1. Visit the website of the museums you visited or where the art is located. See if anything is written about your piece.
2. Look around their site for more description about the style or time period in which your piece(s) were made.
3. Visit other museum or gallery sites (Google search artist name + "site:.org" or "site:.edu" for most museums, or just the word museum) where your artist has work displayed. Repeat step 2.
Yes, read Wikipedia and whatever else looks academically appropriate to get some basic knowledge on the place and time period in which the work was created. You do not need to cite things that are considered common knowledge. Basic Googling is a good first place to start gathering important key words to use to search later.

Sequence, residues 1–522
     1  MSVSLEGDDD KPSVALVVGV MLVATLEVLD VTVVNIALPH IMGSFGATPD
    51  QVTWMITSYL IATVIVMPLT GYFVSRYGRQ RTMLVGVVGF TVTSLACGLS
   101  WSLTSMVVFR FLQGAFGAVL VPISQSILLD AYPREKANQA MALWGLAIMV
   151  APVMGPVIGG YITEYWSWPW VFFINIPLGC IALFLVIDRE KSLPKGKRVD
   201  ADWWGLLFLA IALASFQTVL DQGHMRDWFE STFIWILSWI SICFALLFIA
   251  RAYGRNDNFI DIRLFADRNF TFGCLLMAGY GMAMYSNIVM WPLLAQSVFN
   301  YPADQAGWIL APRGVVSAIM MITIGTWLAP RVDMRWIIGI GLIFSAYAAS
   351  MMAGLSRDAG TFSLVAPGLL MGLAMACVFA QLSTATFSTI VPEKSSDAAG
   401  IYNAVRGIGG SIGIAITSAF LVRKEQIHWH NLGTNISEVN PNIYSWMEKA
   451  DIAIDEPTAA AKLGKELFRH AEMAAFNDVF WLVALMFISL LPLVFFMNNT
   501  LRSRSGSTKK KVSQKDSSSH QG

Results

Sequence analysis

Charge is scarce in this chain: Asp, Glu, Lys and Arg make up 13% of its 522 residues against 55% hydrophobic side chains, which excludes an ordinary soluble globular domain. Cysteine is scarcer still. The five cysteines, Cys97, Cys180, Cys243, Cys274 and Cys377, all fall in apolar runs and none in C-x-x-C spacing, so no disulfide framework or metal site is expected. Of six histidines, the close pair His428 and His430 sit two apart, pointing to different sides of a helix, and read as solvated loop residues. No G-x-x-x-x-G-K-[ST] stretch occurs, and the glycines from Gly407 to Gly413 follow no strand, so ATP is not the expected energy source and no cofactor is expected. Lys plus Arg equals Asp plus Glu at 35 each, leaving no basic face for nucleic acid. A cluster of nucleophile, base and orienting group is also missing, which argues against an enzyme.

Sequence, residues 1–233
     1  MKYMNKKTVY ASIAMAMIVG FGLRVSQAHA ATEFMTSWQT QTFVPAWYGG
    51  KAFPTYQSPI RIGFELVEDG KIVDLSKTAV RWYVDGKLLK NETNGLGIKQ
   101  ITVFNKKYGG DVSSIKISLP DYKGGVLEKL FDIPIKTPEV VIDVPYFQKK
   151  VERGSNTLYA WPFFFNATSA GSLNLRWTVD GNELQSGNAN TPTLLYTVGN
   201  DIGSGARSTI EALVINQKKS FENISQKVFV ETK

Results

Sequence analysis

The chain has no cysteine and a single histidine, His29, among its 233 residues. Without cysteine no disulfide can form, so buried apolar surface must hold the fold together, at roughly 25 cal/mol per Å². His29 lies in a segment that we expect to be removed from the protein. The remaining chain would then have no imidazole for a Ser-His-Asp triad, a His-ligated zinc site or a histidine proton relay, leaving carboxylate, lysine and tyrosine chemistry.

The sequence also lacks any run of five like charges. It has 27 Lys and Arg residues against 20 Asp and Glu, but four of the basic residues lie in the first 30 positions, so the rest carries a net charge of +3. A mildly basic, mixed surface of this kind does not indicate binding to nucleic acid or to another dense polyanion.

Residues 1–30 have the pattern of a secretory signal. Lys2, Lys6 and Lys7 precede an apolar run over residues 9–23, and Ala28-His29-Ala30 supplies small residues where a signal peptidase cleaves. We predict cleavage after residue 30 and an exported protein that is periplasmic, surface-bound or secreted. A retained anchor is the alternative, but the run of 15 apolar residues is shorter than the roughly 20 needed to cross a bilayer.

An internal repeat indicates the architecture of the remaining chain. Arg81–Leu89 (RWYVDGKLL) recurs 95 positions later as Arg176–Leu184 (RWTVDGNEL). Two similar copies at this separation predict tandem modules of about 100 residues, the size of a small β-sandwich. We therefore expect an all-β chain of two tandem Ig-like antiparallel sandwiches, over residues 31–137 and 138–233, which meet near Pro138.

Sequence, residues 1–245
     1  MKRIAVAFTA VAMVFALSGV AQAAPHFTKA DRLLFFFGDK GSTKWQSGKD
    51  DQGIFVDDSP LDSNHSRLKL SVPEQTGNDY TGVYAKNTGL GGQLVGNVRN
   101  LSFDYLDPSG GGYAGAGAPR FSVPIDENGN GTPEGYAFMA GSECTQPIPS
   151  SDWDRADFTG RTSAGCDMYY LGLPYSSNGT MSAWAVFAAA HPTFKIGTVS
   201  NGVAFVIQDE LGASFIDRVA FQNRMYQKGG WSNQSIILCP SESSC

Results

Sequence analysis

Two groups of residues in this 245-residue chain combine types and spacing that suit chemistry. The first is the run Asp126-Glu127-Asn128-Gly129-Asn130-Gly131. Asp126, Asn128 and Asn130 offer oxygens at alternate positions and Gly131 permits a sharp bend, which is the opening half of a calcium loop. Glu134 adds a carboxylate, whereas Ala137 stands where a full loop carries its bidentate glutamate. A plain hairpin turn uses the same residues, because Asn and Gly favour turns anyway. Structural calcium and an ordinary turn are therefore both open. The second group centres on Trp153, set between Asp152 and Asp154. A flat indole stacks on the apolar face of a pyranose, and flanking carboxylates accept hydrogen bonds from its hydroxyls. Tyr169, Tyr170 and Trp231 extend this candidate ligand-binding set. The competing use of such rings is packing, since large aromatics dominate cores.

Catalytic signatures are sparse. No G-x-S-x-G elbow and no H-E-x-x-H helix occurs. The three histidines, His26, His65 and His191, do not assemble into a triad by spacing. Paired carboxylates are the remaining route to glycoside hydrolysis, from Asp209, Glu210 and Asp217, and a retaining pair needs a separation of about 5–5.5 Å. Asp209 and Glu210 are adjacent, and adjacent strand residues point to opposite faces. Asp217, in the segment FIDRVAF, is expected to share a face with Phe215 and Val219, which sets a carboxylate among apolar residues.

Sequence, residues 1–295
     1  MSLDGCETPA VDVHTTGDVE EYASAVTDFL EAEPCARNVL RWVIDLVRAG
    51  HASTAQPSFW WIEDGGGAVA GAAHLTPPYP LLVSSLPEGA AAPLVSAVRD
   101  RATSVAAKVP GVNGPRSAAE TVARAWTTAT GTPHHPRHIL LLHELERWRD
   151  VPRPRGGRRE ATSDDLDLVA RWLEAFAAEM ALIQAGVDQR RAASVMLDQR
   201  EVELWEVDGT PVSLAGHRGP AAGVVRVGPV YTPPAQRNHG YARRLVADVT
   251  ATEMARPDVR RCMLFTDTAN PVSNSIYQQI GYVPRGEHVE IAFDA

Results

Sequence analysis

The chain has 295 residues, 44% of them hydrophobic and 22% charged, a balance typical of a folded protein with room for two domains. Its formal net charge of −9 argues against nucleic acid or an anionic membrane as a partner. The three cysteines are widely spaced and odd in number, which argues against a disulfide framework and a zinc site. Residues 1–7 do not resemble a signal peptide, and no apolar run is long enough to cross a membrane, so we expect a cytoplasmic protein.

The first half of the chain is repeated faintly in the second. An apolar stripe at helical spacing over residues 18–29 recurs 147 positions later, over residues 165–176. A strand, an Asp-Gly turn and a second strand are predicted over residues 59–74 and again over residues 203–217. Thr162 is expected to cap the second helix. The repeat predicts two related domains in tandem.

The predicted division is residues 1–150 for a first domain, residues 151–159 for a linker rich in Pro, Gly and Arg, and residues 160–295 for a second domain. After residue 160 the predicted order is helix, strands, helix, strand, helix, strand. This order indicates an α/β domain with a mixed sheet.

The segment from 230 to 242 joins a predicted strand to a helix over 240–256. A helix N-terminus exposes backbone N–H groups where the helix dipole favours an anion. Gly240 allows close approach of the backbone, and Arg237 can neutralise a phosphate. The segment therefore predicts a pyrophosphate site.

Art research, including art history, music and literary criticism, is a little different than science or current event-related searching.
Current? For art, this criterion is less important.
Relevant? Reliable? For art history, your job is to tie together historical, biographical, artistic, ideas and individual interpretations can be valid.
Authoritative? This criterion matters in art history! Living artists, scholars, and museum professionals are authoritative sources.
Biased? Everyone has an opinion about art, but we want to quote people who can really talk about it critically.
Is this fact or opinion? Is it biased? Is the creator/author trying to sell you something?